Here's a representative example:
Many Americans, measuring the Vietnamese by their own cultural standards, are highly critical of their value system and some of their attitudes and behavior patterns. They are apt to accuse their counterparts and other associates of being lazy, unenthusiastic, without a sense of urgency about their jobs and the pursuit of the war in general, lacking in frankness to the point of deviousness, intent on ritual but uncharitable toward their fellowmen, lax about health and hygiene, wasteful with materiel. Often, they vaguely ascribe these characteristics to what they call the inscrutable "oriental mentality"; nothing in their training seems to have prepared such critics to look on these aspects of Vietnamese behavior as appropriate and legitimate manifestations of a foreign culture and tradition.One could rightly say that you can't train empathy and the anthropological ideal of cultural relativism, and I probably agree. But you can select for it, and one of the major flaws of systematic use of general purpose forces for security force assistance is that the opportunity doesn't exist to "select" for much of anything in the 19-year old specialists who make up the bulk of a brigade combat team.
If you can't find the time to read through the entire report, be sure to take a look at the Preface and Summary sections at the very least (pp. iii-xviii).
This brings to mind a paper I read three years ago when it was published by the Army War College: Michael Metrinko's "The American Military Advisor: Dealing With Senior Foreign Officials in the Islamic World" (pdf). (Metrinko, as an interesting if unrelated aside, was one of the embassy hostages in Iran.) This one is more focused on the relationship between senior U.S. military officers and partner nation policymakers or senior government officials, and less on tactical and operational combat advising. But this also helps to illustrate another SFA challenge that I'm constantly harping on: there is a big, big difference between teaching a host nation platoon leader how to run combat patrols and helping a foreign defense minister to set up his acquisition system.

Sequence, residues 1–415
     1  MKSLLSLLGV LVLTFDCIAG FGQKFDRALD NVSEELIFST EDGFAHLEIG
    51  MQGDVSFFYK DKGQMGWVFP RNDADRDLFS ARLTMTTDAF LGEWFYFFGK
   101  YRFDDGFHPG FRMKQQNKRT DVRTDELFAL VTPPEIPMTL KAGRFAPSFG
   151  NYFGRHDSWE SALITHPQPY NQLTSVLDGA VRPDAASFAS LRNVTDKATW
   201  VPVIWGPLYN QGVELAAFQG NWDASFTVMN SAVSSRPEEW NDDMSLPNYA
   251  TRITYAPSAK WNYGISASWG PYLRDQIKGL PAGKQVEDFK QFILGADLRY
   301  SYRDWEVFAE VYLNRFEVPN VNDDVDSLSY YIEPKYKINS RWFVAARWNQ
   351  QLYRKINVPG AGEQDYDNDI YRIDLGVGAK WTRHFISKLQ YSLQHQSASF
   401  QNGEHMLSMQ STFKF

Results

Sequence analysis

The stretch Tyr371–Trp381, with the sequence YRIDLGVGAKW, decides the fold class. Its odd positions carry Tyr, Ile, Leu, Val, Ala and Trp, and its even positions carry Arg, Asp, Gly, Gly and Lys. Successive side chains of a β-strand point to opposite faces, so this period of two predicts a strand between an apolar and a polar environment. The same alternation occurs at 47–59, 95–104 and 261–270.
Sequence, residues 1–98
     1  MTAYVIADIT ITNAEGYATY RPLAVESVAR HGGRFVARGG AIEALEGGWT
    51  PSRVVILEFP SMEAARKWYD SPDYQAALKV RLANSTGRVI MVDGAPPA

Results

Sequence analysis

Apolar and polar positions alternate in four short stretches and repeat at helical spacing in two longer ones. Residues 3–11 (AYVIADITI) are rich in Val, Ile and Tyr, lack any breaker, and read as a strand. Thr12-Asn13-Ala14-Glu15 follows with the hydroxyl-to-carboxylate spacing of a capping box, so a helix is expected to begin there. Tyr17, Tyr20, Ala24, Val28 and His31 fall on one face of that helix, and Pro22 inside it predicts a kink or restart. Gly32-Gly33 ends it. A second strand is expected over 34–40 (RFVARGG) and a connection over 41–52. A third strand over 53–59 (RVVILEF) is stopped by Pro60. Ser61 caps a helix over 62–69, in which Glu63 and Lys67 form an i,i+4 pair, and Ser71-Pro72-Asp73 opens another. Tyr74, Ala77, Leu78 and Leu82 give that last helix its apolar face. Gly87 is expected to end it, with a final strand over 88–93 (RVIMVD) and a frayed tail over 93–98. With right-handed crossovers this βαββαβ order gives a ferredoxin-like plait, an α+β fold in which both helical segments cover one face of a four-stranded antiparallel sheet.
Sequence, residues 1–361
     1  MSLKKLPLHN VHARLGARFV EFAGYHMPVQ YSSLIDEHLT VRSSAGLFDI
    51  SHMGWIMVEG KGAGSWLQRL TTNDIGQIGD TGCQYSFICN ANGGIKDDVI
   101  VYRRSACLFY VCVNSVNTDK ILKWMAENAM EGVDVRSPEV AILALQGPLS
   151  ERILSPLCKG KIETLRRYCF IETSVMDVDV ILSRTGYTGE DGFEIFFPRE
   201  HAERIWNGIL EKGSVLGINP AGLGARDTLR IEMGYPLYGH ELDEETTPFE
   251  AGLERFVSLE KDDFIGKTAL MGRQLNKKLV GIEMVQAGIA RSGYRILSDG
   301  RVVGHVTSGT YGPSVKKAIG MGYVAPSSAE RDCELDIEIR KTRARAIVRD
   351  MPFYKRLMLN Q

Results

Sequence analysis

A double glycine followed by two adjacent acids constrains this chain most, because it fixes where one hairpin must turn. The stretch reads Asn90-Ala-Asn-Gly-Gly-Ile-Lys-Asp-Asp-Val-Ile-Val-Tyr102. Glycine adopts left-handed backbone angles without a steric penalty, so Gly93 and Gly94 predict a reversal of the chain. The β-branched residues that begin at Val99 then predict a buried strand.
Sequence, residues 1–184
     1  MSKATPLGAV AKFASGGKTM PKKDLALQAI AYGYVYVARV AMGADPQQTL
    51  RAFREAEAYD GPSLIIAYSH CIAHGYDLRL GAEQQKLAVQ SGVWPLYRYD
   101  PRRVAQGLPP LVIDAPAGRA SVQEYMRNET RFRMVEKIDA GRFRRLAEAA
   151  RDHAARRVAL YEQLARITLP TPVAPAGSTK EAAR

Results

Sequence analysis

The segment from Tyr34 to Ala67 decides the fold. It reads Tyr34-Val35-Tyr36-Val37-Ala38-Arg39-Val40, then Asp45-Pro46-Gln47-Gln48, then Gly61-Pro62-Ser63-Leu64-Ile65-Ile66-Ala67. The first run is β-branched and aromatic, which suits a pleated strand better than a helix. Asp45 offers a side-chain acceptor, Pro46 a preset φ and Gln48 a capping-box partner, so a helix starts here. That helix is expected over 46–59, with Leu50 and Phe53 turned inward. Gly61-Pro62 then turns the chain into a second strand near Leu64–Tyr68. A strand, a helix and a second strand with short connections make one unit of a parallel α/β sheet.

But here's the point: we've thought about this stuff before. We've done this stuff before. So let's think about what's changed and what hasn't and then adapt to do the job right. It seems simplistic, but how can anyone fail to appreciate the similarity between the lessons of today and those of half a century ago?